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Planning a Home Funeral

By: Glen R. Horst MDiv, DMin, BA

For cultural, traditional or personal reasons, you may wish to have a viewing, wake or funeral in your home. The following tasks are all part of a home funeral. You can involve a funeral home for assistance or carry out all of them yourself:

  • Wash and dress the body
  • Make the necessary arrangements to move the body
  • Arrange for a casket, shroud, or urn
  • Organize the details of the service
  • Arrange for burial or cremation
  • Complete the paperwork required by the vital statistics agency in your province or territory. This commonly includes the registration of death, medical certificate of death, and burial permit.

See also: Care of the Body after Death

Moving the Body

If the person dies in a hospital, hospice or long-term care facility, you will need to make arrangements to bring his or her body home. You may also be moving the body between home and a funeral home or crematorium prior to a home funeral, and/or from home to a cemetery for burial. You will need to arrange and pay for transportation of the body on a stretcher in a suitable vehicle. Check with the vital statistics agency in your province/territory (See list below) to find out if you need a permit for these moves. For a fee, you can arrange for transportation with a body transfer service or local funeral home.

If you plan to move the body from a bed into a casket, keep in mind that you may require six or more people to do so. Talk with your friends and family in advance to ensure that they are comfortable with moving or touching the body of someone who has died.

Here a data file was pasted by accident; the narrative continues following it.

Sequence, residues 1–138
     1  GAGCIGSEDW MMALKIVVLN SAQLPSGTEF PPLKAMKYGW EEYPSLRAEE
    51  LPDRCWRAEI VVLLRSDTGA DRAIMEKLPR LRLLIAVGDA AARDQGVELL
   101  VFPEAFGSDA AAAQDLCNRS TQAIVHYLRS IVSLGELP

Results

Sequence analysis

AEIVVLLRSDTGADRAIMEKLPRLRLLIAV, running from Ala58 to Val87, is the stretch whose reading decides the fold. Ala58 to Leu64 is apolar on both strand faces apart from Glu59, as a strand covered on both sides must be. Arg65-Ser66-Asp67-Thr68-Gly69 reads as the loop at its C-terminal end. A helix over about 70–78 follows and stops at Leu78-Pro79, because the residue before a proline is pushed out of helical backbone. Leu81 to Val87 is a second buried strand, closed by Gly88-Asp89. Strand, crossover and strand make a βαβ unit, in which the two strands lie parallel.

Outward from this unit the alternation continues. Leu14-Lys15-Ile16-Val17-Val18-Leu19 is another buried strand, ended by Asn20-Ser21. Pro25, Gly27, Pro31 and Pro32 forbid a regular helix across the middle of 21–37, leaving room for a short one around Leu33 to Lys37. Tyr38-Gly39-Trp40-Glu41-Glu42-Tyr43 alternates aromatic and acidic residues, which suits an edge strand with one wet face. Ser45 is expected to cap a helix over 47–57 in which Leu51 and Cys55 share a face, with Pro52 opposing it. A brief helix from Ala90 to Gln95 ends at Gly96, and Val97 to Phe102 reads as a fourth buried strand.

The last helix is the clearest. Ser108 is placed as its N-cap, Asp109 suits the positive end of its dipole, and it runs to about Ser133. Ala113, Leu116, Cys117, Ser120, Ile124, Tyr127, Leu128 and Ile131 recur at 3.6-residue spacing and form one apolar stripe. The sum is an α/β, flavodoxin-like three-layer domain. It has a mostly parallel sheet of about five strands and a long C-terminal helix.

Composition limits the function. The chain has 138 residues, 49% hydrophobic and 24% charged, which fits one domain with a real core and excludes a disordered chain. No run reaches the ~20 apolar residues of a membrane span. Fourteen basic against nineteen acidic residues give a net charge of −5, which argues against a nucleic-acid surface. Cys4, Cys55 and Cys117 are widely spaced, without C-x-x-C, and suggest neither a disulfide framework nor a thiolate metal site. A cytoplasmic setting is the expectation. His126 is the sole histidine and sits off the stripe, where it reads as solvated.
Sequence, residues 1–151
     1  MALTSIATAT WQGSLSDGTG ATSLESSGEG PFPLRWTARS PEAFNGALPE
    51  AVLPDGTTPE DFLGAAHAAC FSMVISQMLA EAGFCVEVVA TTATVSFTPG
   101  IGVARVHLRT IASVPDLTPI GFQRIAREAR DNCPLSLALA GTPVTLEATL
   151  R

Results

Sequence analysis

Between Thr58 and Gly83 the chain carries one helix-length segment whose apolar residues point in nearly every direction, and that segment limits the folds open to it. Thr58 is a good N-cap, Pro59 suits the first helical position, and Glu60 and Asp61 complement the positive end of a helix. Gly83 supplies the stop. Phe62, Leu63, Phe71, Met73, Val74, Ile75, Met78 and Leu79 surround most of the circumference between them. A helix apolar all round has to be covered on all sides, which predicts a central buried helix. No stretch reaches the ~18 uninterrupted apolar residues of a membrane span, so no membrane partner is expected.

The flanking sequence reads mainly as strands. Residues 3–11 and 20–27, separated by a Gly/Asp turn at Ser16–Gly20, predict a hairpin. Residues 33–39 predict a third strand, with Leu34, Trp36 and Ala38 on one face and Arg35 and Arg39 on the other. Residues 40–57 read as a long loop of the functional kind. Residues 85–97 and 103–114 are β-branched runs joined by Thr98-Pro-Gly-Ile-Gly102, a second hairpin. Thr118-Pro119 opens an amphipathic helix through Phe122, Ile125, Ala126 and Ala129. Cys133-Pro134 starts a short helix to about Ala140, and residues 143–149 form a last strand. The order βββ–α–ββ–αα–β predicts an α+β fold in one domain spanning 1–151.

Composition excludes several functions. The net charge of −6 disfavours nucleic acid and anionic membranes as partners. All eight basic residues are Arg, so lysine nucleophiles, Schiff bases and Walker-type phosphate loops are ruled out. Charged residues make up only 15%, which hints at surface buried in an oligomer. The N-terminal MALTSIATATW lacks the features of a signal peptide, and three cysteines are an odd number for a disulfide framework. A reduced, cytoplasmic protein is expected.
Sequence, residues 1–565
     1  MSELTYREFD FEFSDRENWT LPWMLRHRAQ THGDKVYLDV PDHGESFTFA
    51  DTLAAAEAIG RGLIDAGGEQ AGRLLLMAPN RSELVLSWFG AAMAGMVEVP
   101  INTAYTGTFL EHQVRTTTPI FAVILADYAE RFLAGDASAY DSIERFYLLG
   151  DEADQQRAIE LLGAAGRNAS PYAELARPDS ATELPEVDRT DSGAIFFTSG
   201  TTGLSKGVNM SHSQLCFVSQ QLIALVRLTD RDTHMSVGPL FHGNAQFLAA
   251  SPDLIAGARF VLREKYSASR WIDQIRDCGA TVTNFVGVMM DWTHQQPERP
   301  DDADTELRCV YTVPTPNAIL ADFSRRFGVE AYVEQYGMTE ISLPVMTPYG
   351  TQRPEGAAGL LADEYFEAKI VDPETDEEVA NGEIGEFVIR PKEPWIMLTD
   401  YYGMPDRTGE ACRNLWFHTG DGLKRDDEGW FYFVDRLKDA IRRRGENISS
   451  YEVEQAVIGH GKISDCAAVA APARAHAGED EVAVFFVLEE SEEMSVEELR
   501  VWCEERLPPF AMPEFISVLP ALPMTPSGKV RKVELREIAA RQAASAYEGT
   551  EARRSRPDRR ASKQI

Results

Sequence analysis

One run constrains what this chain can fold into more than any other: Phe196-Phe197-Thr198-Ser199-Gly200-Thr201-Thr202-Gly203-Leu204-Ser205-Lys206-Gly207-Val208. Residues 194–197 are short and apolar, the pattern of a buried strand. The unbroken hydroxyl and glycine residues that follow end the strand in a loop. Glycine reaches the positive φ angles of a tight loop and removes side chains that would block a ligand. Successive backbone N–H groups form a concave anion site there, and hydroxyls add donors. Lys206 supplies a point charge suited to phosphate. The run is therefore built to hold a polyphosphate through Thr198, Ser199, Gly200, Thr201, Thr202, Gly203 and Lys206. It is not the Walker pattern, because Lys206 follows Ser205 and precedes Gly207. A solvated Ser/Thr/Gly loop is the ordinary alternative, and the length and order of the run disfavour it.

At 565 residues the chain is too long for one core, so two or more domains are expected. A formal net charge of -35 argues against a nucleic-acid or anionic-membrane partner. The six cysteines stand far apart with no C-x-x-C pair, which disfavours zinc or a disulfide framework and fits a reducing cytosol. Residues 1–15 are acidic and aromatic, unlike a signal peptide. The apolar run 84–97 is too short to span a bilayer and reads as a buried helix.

Caskets, Urns and Shrouds

In Canada, the law requires that a body be either buried in an approved cemetery or cremated. If cremation is chosen, the ashes may be retained or buried. If your family member has not expressed a preference, the traditions of your family and community and practical matters may help you decide. When arranging for burial of the body or ashes, check out costs, transportation, and any rules that may affect your plans. You will need a casket, container or shroud for burial or cremation. Check with your local funeral board (see below) about the regulations that apply in your area.

Caskets can be purchased from a funeral home, casket store or other commercial outlet. They vary widely in price depending on their materials and how ornate they are. Most funeral homes carry plywood caskets and cardboard containers.  These can be decorated by family members with art work or messages of remembrance, gratitude or blessing.

You can make a casket at home. If you need help, ask a family member or friend with carpentry skills. Be sure to size the casket to fit through doorways and around corners in the home. If cremation is to take place, you may also want to make or purchase an urn or box to receive the ashes after cremation. This also can be decorated by friends and family members.

Wrapping or sewing a body into a sheet-like garment called a shroud is one of the oldest ways of preparing a body for burial or cremation.  For more information on shrouds, see the Canadian Integrative Network for Death Education and Alternatives (CINDEA) website. If you use a shroud, you may not need a casket or other container.  A rented stretcher can be used to lay the body out for viewing at home and transporting the body to the cemetery or crematorium. If the body is to be buried, check whether the cemetery allows burial in shrouds.


Ceremonies: Viewings, Wakes, and Vigils

Every family will have a different idea about what a home funeral or ceremony should look like. There is no right or wrong way to do this. Following any known wishes of your loved one and your family is a good place to start. Including religious, cultural and family traditions is also important. If you want a funeral service for the larger community, you may need to consider a larger space in a worship centre, community hall or a funeral home.

Having your family member’s body at home before cremation and/or burial allows relatives and friends to mourn with you. You can remember the person together, share your grief, and support each other. A home viewing is an opportunity to find closure after a person dies and to honour him or her.